September is Heritage month and the first heritage food one thinks of is the Braai. Durbanville Hills Pinotage 2015 could be regarded as a heritage wine. Created in the late 1920s by Abraham Perold, Pinotage as an authentic South African grape and appropriate that we should celebrate it.
Durbanville Hills Winery has grape suppliers from nine leading vineyard owners providing it with prime produce for the cellar. The little wine ward is situated in a valley which opens out at the Cellars on a promontory overlooking Table Mountain, Table Bay and Robben Island. This makes it unique in that the breezes off the cold Benguela current blow gently up the valley ameliorating the summer heat in the vineyards. Summer mists form in the late afternoon, allowing the grapes to ripen slowly and develop full flavours.
The grapes for the Durbanville Hills Pinotage 2015 are hand harvested from selected vineyards in the limited Durbanville Wine Appellation, now officially named Wine of Origin Cape Town.
In the winery, Martin Moore, his red wine maker Wilhelm Coetzee and their team have cutting edge technology at their disposal for the entire winemaking process. Fermented on the skins until the process is almost complete when gentle pressing takes place and the wine continues its fermentation till dry. After malolactic fermentation, the wine is oak matured in French barrels, a small percentage of new barrels and the remainder is previously filled barrels and some wood alternatives – this usually means oak staves.
It looks like
The Durbanville Hills Pinotage 2015 is bottled in a Bordeaux shaped bottle, under a natural cork closure, with the now traditional diamond shaped label. In the glass, it is a deep dark blood plum which pales to ruby at the edges.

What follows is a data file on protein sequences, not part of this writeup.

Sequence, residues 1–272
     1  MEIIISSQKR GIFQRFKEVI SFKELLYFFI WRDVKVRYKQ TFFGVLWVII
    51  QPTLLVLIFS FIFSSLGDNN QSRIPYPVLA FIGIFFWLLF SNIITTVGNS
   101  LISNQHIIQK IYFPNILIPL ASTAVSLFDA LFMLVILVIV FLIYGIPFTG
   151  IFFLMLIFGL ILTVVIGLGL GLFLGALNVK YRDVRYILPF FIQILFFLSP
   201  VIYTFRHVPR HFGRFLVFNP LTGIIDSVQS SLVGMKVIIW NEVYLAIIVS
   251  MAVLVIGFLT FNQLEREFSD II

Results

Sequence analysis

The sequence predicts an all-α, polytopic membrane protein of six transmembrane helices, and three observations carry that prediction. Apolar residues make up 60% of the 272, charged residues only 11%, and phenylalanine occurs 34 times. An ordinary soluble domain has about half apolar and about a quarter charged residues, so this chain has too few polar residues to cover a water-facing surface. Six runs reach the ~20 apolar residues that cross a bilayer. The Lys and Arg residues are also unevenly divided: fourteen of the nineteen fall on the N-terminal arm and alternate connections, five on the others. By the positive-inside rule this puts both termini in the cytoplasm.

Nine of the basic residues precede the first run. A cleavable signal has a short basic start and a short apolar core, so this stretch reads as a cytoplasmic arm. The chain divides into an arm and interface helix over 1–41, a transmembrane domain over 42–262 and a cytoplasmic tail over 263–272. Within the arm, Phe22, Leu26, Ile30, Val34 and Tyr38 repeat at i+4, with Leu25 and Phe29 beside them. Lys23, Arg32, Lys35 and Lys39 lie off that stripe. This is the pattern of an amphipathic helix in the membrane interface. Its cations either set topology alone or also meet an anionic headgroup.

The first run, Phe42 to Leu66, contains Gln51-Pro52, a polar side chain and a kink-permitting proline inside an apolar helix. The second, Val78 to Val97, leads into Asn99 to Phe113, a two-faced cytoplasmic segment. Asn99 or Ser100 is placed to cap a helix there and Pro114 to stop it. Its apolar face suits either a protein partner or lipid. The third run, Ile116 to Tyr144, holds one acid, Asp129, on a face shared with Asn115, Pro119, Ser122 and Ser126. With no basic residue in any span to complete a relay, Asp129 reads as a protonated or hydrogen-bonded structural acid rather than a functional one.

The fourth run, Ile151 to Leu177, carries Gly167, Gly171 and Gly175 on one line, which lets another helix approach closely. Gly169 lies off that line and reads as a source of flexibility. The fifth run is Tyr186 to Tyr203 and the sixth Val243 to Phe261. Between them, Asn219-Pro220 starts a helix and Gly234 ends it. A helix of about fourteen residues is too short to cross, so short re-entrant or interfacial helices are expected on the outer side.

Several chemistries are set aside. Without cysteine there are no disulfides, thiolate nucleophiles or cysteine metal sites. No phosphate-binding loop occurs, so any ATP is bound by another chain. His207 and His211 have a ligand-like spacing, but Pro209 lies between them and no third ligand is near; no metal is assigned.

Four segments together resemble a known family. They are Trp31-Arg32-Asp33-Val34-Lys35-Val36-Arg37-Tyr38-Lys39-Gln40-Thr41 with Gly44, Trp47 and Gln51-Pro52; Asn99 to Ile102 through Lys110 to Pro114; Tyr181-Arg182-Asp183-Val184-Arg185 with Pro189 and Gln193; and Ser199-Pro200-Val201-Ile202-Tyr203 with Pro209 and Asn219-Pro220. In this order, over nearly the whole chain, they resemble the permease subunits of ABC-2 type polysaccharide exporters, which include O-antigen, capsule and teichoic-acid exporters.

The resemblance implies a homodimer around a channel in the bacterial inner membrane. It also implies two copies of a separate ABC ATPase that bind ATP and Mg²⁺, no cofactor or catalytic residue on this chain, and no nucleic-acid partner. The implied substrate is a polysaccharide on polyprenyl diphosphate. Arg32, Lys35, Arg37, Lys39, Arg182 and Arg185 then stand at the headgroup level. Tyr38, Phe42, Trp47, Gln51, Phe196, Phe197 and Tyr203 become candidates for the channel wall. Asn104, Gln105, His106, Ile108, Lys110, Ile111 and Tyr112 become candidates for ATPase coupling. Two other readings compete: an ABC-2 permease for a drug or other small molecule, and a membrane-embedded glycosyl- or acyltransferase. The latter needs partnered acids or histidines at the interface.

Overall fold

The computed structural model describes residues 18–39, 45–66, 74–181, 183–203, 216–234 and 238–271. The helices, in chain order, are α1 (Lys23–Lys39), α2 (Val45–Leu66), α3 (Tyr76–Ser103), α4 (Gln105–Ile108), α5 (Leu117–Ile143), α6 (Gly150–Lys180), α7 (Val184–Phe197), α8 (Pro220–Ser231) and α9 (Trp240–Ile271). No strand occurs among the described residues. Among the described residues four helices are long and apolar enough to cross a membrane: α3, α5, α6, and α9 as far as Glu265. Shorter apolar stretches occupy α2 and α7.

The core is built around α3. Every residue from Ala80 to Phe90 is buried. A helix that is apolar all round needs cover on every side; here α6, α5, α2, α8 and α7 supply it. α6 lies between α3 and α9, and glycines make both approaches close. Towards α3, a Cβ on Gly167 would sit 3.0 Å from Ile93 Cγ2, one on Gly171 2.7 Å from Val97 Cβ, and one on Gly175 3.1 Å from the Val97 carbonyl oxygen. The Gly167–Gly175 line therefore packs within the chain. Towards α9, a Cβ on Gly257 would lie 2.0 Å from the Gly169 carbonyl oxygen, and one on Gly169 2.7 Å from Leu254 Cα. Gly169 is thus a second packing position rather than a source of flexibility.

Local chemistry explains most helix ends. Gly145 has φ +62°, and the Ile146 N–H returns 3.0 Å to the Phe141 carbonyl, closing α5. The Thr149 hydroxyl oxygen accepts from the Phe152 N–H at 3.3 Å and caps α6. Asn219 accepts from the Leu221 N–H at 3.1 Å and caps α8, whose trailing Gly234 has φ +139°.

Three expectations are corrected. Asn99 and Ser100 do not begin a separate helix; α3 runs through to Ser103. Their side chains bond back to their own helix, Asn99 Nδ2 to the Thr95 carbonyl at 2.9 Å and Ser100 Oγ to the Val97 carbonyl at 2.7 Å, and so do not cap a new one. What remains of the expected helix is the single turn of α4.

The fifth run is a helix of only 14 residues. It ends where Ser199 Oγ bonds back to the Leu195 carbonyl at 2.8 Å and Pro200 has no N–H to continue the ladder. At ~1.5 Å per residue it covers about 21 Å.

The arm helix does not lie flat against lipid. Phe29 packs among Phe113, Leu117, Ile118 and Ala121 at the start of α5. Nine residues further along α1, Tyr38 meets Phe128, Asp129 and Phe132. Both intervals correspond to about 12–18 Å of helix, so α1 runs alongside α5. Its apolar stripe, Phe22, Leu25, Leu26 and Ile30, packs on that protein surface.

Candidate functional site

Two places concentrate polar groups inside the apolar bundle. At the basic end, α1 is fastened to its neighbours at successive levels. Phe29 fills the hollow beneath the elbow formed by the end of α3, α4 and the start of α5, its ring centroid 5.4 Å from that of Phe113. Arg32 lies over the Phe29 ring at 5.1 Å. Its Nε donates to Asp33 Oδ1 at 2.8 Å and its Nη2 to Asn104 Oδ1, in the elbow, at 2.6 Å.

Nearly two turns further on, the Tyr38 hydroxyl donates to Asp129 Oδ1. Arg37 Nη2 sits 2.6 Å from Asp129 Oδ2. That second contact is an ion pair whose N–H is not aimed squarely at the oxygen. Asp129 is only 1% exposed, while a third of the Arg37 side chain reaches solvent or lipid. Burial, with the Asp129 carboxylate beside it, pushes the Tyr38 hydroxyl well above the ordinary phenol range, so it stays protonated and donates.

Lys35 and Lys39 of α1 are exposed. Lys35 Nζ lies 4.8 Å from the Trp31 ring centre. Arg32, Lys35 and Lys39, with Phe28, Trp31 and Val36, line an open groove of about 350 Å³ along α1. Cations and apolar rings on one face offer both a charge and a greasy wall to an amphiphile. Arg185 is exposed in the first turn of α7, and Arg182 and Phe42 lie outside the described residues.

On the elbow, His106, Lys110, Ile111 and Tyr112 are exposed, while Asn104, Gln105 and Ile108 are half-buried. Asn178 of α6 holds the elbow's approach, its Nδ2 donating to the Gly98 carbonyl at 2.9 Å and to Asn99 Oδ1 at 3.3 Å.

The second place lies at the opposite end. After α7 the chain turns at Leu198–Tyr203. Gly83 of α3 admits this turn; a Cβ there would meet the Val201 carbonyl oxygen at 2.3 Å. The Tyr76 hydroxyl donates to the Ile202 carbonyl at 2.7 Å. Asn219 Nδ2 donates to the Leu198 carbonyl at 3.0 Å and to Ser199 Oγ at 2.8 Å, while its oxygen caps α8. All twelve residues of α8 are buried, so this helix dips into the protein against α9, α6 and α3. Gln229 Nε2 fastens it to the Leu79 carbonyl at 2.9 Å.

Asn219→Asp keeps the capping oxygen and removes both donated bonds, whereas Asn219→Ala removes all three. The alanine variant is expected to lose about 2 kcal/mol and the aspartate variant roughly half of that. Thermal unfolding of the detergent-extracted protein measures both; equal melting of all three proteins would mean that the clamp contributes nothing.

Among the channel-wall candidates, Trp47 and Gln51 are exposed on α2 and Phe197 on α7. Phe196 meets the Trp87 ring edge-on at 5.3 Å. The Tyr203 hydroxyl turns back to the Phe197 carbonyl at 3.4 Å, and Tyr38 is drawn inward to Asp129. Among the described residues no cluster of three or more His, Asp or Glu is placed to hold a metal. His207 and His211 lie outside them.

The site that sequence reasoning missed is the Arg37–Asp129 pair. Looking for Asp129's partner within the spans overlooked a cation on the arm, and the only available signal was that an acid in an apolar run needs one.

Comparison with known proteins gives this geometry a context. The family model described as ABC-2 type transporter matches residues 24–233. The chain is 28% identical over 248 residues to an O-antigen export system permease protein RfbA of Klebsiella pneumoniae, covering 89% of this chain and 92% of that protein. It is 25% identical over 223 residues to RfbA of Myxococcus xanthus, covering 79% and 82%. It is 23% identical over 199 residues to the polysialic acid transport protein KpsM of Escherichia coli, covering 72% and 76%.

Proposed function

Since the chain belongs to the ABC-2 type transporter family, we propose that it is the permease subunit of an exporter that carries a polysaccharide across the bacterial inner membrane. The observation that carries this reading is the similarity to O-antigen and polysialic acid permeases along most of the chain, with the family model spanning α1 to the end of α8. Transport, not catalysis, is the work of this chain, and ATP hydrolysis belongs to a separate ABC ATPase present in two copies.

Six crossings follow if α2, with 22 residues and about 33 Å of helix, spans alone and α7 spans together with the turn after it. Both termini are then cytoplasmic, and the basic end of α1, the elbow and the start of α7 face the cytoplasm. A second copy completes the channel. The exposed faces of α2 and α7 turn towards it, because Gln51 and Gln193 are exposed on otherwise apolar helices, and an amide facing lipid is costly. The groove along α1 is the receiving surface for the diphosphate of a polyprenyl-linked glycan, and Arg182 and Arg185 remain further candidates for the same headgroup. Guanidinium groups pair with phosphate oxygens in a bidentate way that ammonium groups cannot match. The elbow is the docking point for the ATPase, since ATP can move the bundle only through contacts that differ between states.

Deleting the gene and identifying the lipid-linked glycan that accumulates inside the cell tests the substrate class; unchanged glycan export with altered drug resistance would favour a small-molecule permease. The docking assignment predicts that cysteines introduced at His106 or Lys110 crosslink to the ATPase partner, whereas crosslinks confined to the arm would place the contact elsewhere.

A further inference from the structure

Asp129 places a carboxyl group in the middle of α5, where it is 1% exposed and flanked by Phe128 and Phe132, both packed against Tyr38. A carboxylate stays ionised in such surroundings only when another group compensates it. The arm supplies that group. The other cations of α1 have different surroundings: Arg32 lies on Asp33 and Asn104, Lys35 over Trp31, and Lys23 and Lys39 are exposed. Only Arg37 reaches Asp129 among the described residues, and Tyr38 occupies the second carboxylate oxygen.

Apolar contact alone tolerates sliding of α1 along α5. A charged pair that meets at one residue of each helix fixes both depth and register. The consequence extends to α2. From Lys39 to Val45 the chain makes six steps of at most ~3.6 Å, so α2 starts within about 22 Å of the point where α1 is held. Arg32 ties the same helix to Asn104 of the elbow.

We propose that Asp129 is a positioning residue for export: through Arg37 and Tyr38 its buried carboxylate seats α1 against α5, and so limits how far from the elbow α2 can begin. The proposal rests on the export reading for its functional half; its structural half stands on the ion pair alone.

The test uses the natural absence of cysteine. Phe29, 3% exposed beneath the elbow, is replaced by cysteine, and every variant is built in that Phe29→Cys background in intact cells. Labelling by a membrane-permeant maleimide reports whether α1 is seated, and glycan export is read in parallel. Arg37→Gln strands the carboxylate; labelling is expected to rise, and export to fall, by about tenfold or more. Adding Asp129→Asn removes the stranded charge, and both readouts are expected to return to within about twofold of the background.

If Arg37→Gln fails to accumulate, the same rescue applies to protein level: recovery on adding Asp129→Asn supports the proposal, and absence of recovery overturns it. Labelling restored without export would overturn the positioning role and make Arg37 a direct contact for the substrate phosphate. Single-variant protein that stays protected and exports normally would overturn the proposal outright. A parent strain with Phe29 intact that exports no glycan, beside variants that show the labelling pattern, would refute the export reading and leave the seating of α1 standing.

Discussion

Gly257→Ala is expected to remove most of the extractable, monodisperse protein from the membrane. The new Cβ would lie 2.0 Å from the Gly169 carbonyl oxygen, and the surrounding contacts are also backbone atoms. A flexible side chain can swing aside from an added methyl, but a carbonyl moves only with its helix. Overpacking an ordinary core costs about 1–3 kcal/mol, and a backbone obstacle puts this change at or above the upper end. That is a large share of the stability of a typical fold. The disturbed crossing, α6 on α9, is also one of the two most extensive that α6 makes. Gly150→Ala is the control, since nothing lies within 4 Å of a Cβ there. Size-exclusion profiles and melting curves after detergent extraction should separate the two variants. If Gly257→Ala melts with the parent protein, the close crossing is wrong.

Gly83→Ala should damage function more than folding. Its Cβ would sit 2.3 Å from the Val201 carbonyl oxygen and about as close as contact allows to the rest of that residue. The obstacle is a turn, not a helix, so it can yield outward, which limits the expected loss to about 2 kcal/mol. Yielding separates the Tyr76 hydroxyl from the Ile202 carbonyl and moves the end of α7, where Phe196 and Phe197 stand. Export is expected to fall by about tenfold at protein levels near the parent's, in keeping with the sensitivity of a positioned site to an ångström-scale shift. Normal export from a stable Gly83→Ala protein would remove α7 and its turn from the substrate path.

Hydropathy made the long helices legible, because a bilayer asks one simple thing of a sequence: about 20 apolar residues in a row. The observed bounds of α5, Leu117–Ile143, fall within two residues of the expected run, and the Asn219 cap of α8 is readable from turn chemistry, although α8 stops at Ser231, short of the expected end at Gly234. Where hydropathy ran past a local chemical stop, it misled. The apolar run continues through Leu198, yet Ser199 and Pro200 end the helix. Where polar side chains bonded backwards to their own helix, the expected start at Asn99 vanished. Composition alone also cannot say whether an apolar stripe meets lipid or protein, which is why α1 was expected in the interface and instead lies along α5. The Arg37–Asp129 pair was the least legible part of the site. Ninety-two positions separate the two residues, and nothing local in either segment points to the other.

It smells like
Classical red berries from the Pinot Noir parent, cherries, sweet brown spices.
It tastes like
Lovely mouthfeel from entry is medium bodied. The redness of the berries, cherries and plums with their concomitant gentle round acidity and cashmere dressed tannins make for a great glass.
It’s good with
Being Heritage month, I think the braai is where we should be paying attention. Remember there are other great heritage dishes like bredies, made from tomato, beans and cabbage. And Snoeksmoor and Samp and Beans. Sophia Lindop, prolific cookbook author, has given me one of the recipes from her book, Braai & Potjie Flavours, her Stuffed Pork Loin Chops, which is a great match for the Durbanville Hills Pinotage 2015.
Stuffed pork loin chops
4 thick cut pork loin chops, ‘crackling’ removed
150 g bacon, cut into small pieces
100 g cheddar cheese, finely grated
1 small onion, finely chopped
100 g whole kernel corn
handful chives, finely chopped
salt and pepper to season
Heat a pan and fry the bacon and onion until browned – the bacon has enough fat so no extra oil is needed. Allow to cool.
Mix the bacon and onion with the cheddar, corn and chives. Using a sharp knife, cut pockets into each chop, starting opposite the bone and cutting to quite close to the bone.
Stuff the pockets with the filling and secure with toothpicks.
Braai over a medium to hot coals, turning carefully to keep the filling inside, until they have browned on both sides.
Season with salt and pepper. Remove toothpicks and serve.
Chef’s note: Pork loin can be quite dry and is best served immediately.
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